Gail Honeyman, Eleanor Oliphant Is Completely Fine
Thirty-year-old Eleanor Oliphant lives a quiet, routine life. She works in an office — the accounts receivable department of a graphic design company — and usually spends her weekends alone with a book and a couple liters of vodka. She doesn’t much care for her coworkers, and she has no friends, which is just how she likes it. Other people are often too rude or stupid to be congenial companions. But Eleanor’s life begins to change when she meets unprepossessing IT guy Raymond, and the two of them help an old man, Sammy, who has fallen in the street. As Eleanor interacts more with Raymond, Sammy, and their friends and family, she slowly begins to imagine a different life for herself. But when a tragedy from her past resurfaces, it becomes evident how very far from “fine” Eleanor really is.
I keep wanting to describe this book as “light” because it’s a fast read with an engaging style, but the subject matter is absolutely brutal. Honeyman does a painfully vivid job of portraying loneliness — I think it’s no accident that the heroine’s name is Eleanor, because she is definitely one of “all the lonely people.” She’s far from likable at times; she’s aloof and judgmental and can be downright mean to well-intentioned people. But as the story slowly reveals Eleanor’s past and the way she has isolated herself just to survive, I couldn’t help but pity her and root for her to change and grow. I also loved her friendship with Raymond; it’s obvious to the reader when he is hurt or confused by her (although she herself doesn’t perceive it), but he is always patient and kind. Overall, I thought this was an excellent novel with unexpected depth and an uplifting, but still realistic, ending. Highly recommended.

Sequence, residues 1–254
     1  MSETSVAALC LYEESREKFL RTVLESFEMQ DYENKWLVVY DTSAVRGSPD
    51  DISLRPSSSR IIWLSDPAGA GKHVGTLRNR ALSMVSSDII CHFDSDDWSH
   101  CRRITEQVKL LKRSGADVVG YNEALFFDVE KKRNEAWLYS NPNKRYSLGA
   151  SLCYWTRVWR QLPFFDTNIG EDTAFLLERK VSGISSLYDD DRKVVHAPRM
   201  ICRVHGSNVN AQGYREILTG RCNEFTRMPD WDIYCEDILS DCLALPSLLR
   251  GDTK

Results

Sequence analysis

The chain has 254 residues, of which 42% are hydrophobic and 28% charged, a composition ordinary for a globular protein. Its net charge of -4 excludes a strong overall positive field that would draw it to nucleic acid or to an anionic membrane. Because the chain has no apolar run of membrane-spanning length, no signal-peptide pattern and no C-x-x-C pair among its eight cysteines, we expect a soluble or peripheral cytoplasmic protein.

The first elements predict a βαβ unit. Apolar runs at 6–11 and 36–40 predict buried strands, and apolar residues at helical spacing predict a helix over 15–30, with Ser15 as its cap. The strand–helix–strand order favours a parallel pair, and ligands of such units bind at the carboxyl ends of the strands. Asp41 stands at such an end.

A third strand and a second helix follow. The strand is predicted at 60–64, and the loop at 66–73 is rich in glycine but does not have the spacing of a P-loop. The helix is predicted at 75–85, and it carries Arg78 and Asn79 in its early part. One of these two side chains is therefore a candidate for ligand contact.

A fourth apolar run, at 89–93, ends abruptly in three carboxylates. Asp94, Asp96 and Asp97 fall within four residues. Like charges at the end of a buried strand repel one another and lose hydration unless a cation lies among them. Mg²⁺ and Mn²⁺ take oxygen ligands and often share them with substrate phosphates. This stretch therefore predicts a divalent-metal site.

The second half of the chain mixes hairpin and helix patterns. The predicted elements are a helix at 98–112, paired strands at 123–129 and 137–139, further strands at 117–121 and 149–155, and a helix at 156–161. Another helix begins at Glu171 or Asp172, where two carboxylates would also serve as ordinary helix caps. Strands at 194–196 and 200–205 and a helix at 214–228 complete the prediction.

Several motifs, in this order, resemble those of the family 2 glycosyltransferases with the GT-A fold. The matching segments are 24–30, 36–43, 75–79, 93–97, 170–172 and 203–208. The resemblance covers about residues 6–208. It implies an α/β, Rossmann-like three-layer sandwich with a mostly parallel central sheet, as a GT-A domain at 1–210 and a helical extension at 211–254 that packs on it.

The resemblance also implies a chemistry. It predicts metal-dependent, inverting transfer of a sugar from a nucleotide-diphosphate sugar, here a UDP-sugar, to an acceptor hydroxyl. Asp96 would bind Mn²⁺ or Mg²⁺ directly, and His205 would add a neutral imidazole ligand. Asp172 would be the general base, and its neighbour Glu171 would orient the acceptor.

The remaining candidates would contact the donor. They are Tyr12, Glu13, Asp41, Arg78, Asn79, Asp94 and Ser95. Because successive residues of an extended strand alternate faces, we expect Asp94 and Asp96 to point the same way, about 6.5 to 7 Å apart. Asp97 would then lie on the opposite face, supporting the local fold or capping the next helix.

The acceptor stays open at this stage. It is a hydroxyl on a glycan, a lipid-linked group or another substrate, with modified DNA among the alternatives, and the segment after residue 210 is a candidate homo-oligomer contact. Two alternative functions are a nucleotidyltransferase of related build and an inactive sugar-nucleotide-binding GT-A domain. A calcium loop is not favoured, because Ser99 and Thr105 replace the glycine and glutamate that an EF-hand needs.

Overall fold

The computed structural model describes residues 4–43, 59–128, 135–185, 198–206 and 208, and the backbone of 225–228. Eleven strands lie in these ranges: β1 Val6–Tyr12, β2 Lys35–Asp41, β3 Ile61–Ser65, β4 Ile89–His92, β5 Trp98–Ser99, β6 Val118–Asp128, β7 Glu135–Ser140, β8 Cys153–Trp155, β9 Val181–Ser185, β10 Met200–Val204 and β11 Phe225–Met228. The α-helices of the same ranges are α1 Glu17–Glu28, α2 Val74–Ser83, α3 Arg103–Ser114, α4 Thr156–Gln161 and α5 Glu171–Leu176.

3 thoughts on “Review: Eleanor Oliphant Is Completely Fine”
I thought this book might be over-hyped, but I loved it and very much agree with your review. I especially liked the way Eleanor grows and becomes a more accepting person throughout the book — she’s not just someone we feel sorry for.
Totally agree — you do feel sorry for her, but you also admire her and get annoyed with her and laugh at her jokes, as though she were a real person!